CORPUS CHRISTI, Texas — North Beach residents are no stranger to flooding due to high tides and rain. That's why the city of Corpus Christi has chosen to allot $5 million towards better drainage on North Beach through the American Rescue Plan Act.
Bob Catalano, who owns beach houses on North Beach, said he’s constantly having to drive through flooded streets and so are his renters. He said the standing water causes pot holes on the streets, which doesn’t make it safe for him or his renters to drive on.
“Plus I see the visitors that frequent the beach have to get out of their cars, they can't park here because they have to get out of their cars and step in muddy water,” Catalano said.
It’s also an issue that Ronald Graban, the Vice President of the North Beach Community Association, is having to face, especially because he’s building a house near Catalano’s property. He said the high tide brings water in towards where he’s building and brings in sea creatures. However, he is staying optimistic that the city will improve the drainage once he moves in.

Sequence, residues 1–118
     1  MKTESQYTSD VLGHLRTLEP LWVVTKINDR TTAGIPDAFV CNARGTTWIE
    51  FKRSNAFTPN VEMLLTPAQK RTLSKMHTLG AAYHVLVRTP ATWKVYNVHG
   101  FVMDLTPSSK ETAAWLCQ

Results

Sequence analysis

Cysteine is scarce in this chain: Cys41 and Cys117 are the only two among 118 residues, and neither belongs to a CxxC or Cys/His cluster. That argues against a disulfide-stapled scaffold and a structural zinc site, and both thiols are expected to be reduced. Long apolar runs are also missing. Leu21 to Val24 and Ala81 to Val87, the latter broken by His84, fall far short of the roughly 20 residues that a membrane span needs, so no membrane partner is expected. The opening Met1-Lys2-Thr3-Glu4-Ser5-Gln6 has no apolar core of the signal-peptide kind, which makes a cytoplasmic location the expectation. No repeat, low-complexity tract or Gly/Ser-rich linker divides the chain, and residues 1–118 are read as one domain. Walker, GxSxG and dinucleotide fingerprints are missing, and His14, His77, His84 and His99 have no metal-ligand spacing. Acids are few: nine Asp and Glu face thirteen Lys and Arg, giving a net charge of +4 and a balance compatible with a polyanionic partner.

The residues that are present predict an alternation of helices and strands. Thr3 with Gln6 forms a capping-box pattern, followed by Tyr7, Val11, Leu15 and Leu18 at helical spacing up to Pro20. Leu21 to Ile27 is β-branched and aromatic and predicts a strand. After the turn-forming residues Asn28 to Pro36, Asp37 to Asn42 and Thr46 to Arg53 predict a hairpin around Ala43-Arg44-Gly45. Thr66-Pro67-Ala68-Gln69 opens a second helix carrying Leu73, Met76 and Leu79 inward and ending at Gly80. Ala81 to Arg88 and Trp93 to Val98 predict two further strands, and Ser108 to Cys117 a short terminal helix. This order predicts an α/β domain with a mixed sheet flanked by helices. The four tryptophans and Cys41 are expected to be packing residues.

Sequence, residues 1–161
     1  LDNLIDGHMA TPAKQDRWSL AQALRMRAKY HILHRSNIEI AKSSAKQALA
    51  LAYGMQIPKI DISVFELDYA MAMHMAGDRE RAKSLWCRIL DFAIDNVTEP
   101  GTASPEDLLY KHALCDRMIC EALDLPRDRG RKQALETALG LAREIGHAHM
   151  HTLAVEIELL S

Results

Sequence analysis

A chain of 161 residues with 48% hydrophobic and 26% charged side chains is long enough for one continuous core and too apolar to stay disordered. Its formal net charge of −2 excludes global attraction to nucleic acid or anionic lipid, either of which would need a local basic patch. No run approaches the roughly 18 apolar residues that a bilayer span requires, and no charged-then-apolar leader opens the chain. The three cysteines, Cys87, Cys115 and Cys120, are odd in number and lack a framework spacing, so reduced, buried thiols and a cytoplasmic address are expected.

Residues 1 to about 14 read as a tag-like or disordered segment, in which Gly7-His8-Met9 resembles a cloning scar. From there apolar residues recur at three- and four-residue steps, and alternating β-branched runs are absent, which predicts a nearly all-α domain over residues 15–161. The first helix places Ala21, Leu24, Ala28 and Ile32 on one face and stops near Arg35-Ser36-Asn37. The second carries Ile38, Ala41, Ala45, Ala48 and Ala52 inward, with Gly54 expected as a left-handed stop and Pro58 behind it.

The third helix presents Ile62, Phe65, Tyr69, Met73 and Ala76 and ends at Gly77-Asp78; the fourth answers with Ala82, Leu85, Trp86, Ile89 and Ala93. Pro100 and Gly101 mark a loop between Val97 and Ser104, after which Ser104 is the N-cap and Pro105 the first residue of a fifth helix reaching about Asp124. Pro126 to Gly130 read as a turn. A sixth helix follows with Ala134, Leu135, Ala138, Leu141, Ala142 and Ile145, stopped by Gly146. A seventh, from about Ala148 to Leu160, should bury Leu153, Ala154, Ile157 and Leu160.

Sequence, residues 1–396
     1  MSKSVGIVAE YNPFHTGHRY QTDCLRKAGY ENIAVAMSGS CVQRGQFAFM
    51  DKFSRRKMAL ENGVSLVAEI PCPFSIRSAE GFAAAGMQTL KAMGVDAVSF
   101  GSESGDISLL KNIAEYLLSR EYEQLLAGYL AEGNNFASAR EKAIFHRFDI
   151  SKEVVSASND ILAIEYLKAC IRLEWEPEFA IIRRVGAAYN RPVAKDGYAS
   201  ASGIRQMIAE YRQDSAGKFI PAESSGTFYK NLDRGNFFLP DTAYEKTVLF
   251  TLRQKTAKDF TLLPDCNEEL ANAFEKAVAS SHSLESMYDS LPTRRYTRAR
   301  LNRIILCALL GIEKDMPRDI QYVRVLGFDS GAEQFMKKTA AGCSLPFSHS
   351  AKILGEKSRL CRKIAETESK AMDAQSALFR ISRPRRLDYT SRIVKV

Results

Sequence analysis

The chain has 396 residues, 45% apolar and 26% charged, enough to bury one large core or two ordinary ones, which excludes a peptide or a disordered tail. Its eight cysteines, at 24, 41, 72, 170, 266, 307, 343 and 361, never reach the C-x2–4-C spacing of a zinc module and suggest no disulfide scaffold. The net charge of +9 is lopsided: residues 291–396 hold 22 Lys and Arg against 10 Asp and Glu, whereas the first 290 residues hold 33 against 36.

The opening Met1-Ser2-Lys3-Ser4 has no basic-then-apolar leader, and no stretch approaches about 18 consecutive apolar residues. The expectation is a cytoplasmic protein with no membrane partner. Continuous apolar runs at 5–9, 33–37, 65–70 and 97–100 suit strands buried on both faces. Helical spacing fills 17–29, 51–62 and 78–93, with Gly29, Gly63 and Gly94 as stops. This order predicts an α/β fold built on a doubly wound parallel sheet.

“I’m excited about what the city is doing. We’re optimistic. We think that there is finally going to be something that’s going to happen,” Graban said.
Peter Zanoni, the city manager for Corpus Christi, said the city is looking into a few options they are considering for the drainage. One of those options is a linear canal that will be part of a park where residents can walk and enjoy themselves. That plan would cost about $40 million dollars.
Another plan Zanoni said they are looking at is a navigable canal that would also allow boats to pass. He said the project would cost $80 million.
The $5 million from the American Rescue Plan Act would go towards the design of the drainage solution and maybe even initial construction, according to Zanoni.
However, he said the Harbor Bridge is an obstacle to the canal because it takes up a lot of space on the South side of the project, but they will be able to work on the design and permitting on the North side.
Zanoni did not have a date on when the project would be finished because the xity is waiting to see if investors will put money into the navigable canal, but he’s remaining optimistic about the project.
“We care about North Beach. In my two years here I have continued to advocate and move forward the city council policy direction which is, let’s get North Beach revitalized, let’s figure out the drainage,” Zanoni said.